Let n denote the number of elements currently in a data structure.
An inplace heap is stored in
the first n locations of an array, uses O(1) extra space, and
supports the operations: minimum, insert, and
extractmin. We introduce an inplace heap, for which minimum
and insert take O(1) worstcase time, and extractmin takes
O(lg n) worstcase time and involves at most lg n + O(1)
element comparisons.
The achieved bounds are optimal to within additive constant terms
for the number of element comparisons. In
particular, these bounds for both insert and extractmin—and
the time bound for insert—surpass the corresponding lower bounds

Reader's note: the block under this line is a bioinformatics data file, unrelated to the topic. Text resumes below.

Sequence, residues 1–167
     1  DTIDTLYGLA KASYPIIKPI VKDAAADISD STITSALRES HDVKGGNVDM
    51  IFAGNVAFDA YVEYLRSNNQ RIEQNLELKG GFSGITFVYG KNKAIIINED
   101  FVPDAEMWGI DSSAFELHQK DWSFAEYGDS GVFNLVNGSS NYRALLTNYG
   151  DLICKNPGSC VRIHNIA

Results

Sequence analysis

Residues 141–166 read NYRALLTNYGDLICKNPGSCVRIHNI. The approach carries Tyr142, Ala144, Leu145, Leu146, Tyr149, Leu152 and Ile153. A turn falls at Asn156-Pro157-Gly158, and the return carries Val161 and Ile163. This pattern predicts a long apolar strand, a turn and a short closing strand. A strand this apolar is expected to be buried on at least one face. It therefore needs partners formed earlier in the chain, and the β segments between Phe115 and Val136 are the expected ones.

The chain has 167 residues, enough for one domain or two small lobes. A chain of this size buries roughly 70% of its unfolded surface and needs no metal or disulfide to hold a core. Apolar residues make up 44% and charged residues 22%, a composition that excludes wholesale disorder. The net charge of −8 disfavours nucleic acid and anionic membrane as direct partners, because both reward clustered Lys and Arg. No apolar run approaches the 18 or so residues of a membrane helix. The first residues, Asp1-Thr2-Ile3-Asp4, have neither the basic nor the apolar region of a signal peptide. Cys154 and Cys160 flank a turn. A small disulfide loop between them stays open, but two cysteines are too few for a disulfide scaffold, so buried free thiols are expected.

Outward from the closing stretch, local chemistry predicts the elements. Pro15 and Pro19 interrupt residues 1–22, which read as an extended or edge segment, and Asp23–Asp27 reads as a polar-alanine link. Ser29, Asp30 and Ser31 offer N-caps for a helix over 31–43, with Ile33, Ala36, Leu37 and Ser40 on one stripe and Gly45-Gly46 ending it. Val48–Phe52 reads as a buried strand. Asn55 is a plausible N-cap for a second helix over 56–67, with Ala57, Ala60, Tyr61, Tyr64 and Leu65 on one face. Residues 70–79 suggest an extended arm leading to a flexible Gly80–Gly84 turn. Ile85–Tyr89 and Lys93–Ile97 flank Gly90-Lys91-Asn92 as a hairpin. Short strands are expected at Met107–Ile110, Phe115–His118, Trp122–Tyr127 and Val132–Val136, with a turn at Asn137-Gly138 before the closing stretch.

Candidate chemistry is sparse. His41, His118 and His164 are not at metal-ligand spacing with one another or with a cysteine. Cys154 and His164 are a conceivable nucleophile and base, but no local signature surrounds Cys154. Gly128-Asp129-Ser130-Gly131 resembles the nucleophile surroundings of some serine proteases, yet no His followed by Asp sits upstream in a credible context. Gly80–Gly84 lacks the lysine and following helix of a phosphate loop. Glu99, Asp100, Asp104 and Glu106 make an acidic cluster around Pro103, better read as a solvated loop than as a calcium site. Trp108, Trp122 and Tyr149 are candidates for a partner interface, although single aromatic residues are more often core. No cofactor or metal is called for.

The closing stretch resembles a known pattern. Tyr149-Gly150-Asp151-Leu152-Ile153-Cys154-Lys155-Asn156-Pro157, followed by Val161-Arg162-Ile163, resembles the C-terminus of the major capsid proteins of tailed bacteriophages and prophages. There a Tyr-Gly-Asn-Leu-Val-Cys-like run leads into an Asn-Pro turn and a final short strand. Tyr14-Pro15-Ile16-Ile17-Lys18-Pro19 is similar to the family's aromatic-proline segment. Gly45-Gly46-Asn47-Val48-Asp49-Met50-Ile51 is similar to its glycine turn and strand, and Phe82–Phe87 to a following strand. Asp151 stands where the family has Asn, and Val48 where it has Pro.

known for binary heaps, though our data structure is similar.
In a binary heap, when viewed as a nearly complete
binary tree, every node other than the root obeys the heap
property, i.e. the element at a node is not smaller than that at its
parent. To surpass the lower bound for extractmin, we reinforce a
stronger property at the bottom levels of the heap that the element at
any right child is not smaller than that at its left sibling. To
surpass the lower bound for insert, we buffer insertions and
allow O(lg^{2} n) nodes to
violate heap order in relation to their parents.